A guide to the working retirement

(MoneyWatch) Work during your retirement? That might sound like an oxymoron, but it really depends on how you define "retirement." It's indeed an oxymoron if you adhere to the traditional definition of retirement as "not working," but it may not be if you define retirement as being happy, fulfilled, and financially secure. And if you believe retirement to be "doing more of what you want to do and less of what you don't want to do," then working doesn't need to be inconsistent with retirement.

During my retirement planning workshops, I show participants how retirement planning can quickly morph into career planning and life planning. The reasons? When most people realistically assess the income they'll receive from their financial resources, such as Social Security and their retirement savings, they realize they won't be able to generate a lifetime income that covers all the living expenses they had to pay for while they were working. As a result, in order to make ends meet in your retirement years, you'll either need to keep working longer, reduce your living expenses to match your income, or develop some combination of these two strategies.

Welcome to Week 6 of my 16-week series on planning your retirement. While future posts in this series will help you assess your financial resources, this week we'll explore how you might work and earn income in your retirement years. I'm introducing this topic early in the series because it might take you some time to reflect on and explore your options, and to get used to the idea that you might need to work in your retirement years.

If you're like most people, you'll end up deciding to continue working for many more years than you had originally planned, either because you need the money or you enjoy working. Much of retirement planning involves making choices in a series of tradeoffs; one significant tradeoff is how much spending power you're willing to give up in exchange for your freedom from work.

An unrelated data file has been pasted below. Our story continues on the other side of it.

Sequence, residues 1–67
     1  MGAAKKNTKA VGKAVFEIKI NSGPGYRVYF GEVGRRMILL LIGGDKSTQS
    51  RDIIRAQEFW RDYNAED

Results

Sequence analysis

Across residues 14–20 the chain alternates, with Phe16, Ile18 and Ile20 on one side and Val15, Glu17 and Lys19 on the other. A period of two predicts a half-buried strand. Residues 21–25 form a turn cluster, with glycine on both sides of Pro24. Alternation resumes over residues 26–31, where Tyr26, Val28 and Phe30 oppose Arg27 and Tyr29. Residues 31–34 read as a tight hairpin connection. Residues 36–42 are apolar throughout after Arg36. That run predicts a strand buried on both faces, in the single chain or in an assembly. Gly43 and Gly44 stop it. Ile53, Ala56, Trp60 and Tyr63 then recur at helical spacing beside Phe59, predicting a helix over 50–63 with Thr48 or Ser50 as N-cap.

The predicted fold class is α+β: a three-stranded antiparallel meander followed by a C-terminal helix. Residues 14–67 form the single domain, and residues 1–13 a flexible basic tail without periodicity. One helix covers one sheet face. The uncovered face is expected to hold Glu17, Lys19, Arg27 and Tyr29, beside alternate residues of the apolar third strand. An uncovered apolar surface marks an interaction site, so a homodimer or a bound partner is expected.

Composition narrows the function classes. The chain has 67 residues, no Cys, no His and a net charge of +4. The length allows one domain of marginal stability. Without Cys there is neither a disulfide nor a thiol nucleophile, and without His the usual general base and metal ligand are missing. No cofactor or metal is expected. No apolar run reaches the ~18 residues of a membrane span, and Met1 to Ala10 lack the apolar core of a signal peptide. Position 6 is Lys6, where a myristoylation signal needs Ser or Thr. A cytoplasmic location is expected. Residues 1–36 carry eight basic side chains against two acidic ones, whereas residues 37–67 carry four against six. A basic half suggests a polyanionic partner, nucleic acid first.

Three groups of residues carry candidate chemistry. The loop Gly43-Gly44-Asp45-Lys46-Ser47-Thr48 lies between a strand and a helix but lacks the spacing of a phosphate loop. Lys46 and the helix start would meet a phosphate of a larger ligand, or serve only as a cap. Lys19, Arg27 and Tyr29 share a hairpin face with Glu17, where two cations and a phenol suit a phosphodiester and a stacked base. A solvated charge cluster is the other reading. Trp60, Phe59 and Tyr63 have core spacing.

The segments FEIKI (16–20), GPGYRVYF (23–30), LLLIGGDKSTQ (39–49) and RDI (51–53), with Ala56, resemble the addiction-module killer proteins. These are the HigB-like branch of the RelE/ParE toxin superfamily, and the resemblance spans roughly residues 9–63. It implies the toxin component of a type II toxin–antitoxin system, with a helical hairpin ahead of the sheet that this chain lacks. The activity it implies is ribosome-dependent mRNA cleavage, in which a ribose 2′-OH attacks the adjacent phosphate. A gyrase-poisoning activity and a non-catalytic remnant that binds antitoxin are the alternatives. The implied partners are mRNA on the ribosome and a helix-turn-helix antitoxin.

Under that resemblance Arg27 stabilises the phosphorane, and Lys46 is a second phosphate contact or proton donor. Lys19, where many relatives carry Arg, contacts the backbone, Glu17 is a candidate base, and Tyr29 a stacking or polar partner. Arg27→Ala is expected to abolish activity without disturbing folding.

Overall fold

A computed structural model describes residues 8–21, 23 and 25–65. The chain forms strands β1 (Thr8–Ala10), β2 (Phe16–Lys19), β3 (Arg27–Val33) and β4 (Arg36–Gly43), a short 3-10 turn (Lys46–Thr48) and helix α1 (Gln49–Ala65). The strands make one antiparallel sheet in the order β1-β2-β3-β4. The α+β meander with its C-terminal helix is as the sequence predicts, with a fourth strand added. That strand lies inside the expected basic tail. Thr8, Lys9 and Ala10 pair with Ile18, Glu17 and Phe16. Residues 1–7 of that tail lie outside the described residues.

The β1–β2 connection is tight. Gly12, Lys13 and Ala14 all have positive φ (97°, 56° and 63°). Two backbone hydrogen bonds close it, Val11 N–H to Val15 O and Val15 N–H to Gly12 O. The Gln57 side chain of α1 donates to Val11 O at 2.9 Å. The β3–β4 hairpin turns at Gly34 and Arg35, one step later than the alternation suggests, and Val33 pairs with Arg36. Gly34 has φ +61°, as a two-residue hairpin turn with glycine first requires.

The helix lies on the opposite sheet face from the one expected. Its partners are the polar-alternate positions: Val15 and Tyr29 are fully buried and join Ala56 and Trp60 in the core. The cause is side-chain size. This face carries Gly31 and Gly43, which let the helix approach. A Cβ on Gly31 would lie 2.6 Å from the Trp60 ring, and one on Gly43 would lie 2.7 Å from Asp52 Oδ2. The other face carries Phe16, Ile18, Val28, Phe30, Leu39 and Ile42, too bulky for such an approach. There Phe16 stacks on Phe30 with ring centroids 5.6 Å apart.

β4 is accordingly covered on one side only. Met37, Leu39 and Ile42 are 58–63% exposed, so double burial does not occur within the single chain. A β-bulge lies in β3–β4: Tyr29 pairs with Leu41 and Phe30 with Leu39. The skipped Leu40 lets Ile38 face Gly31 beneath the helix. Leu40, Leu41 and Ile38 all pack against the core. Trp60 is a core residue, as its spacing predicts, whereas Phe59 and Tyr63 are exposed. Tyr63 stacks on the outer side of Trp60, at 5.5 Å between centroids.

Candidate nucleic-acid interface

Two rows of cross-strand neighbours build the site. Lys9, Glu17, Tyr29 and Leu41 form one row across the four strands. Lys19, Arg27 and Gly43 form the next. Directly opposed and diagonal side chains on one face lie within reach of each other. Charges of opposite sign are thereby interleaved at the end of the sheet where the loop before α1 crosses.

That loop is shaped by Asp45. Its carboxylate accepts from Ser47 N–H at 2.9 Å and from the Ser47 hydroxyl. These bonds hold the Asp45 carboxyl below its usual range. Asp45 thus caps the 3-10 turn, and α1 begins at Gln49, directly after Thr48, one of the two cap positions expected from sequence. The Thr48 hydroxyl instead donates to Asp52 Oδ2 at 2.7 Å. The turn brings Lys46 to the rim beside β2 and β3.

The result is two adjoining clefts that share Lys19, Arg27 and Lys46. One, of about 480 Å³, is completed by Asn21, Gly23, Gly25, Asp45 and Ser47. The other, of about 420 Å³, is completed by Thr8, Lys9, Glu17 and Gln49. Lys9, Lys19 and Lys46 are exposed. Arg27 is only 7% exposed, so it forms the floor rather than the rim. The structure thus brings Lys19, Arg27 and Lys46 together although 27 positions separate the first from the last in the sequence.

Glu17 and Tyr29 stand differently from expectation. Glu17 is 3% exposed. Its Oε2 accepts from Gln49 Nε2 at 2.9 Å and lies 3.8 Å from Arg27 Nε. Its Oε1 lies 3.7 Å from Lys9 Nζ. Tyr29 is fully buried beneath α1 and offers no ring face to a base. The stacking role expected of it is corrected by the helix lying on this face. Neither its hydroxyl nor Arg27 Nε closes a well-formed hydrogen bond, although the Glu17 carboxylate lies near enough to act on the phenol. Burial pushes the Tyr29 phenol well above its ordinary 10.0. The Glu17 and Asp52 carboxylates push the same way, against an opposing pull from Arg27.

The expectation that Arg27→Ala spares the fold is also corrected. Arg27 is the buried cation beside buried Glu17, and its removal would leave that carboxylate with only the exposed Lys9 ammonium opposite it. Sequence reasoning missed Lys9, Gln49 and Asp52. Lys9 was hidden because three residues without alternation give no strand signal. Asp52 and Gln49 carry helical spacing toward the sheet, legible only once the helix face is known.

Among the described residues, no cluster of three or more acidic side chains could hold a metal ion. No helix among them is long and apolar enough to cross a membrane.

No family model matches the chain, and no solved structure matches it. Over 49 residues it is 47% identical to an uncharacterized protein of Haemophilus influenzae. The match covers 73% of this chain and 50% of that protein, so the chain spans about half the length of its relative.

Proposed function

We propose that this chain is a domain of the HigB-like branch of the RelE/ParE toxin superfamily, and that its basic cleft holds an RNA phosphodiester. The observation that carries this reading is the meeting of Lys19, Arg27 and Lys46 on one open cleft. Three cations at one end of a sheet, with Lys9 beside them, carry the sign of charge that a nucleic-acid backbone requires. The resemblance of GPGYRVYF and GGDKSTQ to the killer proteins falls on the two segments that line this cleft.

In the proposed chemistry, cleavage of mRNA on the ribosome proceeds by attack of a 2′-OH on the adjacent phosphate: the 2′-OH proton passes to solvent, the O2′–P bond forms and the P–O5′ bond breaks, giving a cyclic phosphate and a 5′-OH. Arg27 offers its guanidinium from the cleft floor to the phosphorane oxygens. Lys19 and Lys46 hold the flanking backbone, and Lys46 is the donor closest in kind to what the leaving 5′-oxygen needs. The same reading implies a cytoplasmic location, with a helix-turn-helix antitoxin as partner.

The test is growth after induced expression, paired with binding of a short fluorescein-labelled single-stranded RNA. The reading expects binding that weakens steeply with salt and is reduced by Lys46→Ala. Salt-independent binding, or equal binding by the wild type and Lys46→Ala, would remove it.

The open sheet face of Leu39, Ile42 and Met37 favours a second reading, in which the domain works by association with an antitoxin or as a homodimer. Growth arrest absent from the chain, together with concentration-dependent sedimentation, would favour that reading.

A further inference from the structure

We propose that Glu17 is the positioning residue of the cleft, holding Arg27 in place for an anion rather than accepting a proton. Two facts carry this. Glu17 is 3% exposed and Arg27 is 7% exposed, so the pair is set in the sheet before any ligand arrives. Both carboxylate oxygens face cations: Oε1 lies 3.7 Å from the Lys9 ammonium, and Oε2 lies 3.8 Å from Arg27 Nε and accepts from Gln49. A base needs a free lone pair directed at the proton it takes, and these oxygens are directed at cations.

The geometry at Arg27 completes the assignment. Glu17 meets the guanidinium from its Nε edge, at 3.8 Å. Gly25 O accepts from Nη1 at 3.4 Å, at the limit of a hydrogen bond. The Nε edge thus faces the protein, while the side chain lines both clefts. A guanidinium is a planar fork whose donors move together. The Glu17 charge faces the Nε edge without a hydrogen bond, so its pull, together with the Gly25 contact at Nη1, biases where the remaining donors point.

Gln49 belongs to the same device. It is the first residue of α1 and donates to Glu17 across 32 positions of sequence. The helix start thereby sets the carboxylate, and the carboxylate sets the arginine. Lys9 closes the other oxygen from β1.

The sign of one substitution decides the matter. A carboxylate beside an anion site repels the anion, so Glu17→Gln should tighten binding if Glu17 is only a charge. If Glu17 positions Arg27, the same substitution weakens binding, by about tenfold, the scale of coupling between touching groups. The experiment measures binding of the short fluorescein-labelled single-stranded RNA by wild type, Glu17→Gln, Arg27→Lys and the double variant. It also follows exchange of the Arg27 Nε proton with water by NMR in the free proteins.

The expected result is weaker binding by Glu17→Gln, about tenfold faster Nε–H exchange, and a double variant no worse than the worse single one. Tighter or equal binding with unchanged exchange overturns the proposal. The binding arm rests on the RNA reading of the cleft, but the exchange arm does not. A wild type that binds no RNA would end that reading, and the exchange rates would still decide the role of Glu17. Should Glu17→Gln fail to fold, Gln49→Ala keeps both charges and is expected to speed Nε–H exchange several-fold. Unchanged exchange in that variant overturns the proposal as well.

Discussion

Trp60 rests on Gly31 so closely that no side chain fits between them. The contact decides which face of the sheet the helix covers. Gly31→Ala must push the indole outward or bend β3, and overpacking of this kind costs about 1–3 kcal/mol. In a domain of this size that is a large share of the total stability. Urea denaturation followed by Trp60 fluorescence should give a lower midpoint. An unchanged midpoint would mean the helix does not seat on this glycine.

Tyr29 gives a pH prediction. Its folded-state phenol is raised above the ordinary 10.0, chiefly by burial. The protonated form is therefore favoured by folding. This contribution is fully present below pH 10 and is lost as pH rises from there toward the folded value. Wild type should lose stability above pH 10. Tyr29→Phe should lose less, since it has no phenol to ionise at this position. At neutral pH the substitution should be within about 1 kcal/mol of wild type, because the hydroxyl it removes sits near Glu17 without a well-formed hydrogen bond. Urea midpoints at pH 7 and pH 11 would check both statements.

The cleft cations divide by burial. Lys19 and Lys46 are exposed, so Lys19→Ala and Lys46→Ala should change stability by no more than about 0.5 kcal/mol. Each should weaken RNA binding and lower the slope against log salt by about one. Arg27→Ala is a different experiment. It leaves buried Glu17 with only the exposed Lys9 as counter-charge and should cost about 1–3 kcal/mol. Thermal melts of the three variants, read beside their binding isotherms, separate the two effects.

The goal is to provide the information you need to make conscious choices about working that enable you to enjoy your retirement years. It's important to think about why you'll want to work in your retirement years, so take a look at this list of questions to see which factors apply to you:

  • How much income will you need from work? This will depend largely on your spending habits and how much income you'll receive from your financial resources.
  • When is the best time to start your Social Security benefits? For many people, delaying the start of Social Security is a smart strategy, and you may decide to work just enough to replace the Social Security benefits that you're delaying.
  • When is the best time to tap into your retirement savings? Once again, for many people, waiting to tap into these resources so they can grow is a good strategy, so you may want to work just enough to cover most or all of your living expenses until you begin drawing down your retirement savings.
  • Do you need health insurance from an employer? This question is often critical if you want to retire before age 65, the eligibility age for Medicare.
  • Can you work and still have more time to pursue your interests? You may be able to work part time to cover your living expenses and have more time to pursue your interests. In fact, "practice retirement" is one popular strategy to consider; to accomplish this, you work just enough to cover your living expenses, purposefully enjoy life more, and delay tapping into your financial resources to let them grow as long as possible.
  • Do you get fulfillment from work? Many people like being productive and useful to society, and they enjoy the social interaction at work.

You'll learn more about the first four factors in the weeks to come, so you may want to circle back to this week's post after you've had a chance to assess the income you might receive from such financial resources as Social Security and your retirement savings.

Whatever your reasons for working in your retirement years, you'll want to find work that pays a reasonable amount and is also enjoyable to you. Some of you might find that starting your own business is the best way to achieve your goals. Stay tuned for posts this week that further explore the idea of working during your retirement years.

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    Steve Vernon helped large employers design and manage their retirement programs for more than 35 years as a consulting actuary. Now he's a research scholar for the Stanford Center on Longevity, where he helps collect, direct and disseminate research that will improve the financial security of seniors. He's also president of Rest-of-Life Communications, delivers retirement planning workshops and authored Money for Life: Turn Your IRA and 401(k) Into a Lifetime Retirement Paycheck and Recession-Proof Your Retirement Years.

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